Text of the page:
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Creative Commons

A Creative Commons (CC) license is a public copyright licenses that allows the free public distribution of a person's work under certain limitations. The IAEE adopted the use of a Creative Commons license to give people the right to share, use, and even build upon a work published in IAEE publications, subject to the election of the author of that work whether or not people are entitled to create derivative products from that published work. Under IAEE’s publication policy, all articles published will either be available under a Creative Commons license immediately on publication (pursuant to the Gold Open Access Policy) or after an embargo period of three years (pursuant to the Green Open Access Policy).

Under IAEE’s adaptation of the Creative Commons license, works published by IAEE (and no longer subject to the embargo period) may be freely used and disseminated provided that:

  • Appropriate attribution of the article to the IAEE publication is made in a form approved by IAEE; and
  • The article may only be used for noncommercial purposes, and may not be sold.

Therefore, all IAEE articles accepted for publication after March 1, 2014, are designated (after any embargo period) CC-BY indicating that they are free to use under the terms of the Creative Commons license provided attribution is made.

Authors willing to let others make use of their work in derivative articles and products can elect to do so by making no further designations.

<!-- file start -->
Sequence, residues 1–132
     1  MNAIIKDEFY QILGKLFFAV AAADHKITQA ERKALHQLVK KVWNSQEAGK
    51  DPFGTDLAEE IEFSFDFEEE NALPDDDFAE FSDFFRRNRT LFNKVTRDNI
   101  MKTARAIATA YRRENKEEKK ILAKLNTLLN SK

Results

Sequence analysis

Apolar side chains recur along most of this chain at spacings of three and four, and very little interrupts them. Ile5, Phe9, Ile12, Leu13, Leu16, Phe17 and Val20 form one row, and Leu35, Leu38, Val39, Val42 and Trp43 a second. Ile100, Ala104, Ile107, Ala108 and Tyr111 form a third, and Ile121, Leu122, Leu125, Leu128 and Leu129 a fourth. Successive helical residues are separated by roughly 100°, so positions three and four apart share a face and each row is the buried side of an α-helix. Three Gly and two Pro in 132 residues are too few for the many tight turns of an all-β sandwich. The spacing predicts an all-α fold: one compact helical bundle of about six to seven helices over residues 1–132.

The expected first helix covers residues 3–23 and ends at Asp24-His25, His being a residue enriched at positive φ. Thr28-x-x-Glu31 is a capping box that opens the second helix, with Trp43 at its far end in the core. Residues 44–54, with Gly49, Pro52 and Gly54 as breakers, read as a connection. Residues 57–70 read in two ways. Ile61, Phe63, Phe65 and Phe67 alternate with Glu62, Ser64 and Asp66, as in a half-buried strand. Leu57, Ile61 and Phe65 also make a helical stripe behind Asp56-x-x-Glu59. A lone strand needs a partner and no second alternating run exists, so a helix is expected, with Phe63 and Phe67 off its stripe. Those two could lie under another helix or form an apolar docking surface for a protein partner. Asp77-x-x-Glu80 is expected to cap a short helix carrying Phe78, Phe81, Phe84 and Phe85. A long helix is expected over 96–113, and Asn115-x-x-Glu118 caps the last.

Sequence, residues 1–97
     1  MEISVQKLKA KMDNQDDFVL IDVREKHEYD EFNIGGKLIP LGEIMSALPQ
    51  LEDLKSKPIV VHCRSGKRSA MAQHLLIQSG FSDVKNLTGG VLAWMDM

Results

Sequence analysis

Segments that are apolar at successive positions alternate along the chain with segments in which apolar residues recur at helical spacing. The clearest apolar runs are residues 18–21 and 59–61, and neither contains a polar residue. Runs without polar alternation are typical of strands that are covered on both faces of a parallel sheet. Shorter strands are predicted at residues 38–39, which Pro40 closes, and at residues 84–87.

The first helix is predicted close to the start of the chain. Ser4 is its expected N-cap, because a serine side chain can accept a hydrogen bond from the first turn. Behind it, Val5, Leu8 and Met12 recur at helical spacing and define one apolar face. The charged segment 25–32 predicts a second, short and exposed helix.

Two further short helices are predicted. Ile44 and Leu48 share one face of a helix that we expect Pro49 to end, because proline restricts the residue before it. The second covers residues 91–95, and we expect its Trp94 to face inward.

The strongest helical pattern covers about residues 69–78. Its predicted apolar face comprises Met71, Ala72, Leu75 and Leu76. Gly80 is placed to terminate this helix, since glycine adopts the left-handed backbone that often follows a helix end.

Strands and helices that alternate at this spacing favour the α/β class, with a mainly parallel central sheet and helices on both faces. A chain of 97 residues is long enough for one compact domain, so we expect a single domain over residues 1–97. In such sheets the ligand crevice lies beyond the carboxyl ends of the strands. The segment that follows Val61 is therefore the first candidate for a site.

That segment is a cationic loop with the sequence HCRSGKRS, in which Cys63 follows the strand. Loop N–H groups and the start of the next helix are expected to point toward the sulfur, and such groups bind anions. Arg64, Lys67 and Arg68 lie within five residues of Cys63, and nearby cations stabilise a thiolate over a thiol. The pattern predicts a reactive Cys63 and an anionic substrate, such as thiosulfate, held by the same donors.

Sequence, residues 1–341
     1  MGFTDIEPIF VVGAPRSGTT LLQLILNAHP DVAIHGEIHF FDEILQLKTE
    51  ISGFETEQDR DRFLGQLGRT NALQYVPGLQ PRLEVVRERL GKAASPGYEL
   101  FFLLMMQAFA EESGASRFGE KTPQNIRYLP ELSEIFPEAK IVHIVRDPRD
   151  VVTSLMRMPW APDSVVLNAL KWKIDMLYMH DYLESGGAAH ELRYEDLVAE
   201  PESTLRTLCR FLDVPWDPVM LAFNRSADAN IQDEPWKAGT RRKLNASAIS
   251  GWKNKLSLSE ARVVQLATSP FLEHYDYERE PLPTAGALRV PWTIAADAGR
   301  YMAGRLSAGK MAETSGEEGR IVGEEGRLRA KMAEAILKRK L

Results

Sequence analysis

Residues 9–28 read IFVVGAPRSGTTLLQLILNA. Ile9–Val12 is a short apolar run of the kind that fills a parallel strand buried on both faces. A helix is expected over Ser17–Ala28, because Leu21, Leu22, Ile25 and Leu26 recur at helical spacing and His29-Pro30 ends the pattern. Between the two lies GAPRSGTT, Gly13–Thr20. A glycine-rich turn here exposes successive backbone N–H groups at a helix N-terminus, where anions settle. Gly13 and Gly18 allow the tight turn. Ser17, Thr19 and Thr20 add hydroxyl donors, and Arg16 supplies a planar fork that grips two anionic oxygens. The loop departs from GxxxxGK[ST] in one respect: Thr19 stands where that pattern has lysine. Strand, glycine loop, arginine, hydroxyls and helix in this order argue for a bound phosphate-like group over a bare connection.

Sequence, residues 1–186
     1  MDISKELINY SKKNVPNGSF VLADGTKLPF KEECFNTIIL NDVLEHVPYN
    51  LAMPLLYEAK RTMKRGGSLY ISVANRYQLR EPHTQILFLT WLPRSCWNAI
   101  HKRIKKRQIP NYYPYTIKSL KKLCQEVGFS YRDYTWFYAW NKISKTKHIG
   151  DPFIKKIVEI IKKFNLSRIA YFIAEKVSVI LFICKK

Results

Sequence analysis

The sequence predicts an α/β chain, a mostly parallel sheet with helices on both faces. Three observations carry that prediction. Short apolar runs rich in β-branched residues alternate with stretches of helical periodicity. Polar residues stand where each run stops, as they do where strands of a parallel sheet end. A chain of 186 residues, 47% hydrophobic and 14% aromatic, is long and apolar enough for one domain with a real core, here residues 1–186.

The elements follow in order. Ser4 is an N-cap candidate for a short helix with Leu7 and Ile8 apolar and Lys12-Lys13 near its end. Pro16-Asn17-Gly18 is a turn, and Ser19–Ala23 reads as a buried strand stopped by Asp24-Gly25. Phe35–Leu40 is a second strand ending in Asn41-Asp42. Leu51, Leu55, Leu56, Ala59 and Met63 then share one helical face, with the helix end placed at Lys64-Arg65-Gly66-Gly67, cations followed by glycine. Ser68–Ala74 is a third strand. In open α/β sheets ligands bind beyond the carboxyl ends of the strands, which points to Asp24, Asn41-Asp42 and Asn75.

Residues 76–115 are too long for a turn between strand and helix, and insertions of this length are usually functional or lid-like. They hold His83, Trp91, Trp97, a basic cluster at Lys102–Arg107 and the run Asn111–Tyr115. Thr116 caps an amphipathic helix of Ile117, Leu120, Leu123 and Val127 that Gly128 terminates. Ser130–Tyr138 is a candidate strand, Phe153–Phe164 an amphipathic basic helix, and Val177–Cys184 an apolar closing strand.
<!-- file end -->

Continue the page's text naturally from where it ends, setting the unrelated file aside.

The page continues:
However, IAEE authors may elect not to allow derivative works based on, drawing from, or excerpting significant elements of their article, including its charts, tables, graphs, models, and analytical innovations. Those articles whose authors have determined to deny any derivative works are designated CC-BY-NC-ND, standing for Creative Commons, Attribution, Non-Commercial, No Derivatives.

IAEE publications do not include the Share-Alike (SA) designation obliging users who create derivative works to make those at least as open to the public as the original work, because that could deny IAEE authors the Green Open Access path, which includes the three-year embargo period but avoids any publication cost obligation on the author or the author’s institution.

This policy protects the people who use or redistribute an IAEE author's work, so they don’t have to worry about copyright infringement, as long as they abide by the conditions the IAEE and the author have specified. Further information about the Creative Commons license is available at https://creativecommons.org/licenses.

For details regarding best practices for attribution, and examples of attributions, please visit the Creative Commons article at: http://wiki.creativecommons.org/Best_practices_for_attribution.

Related Links:
What is Copyright?
Publishing Agreement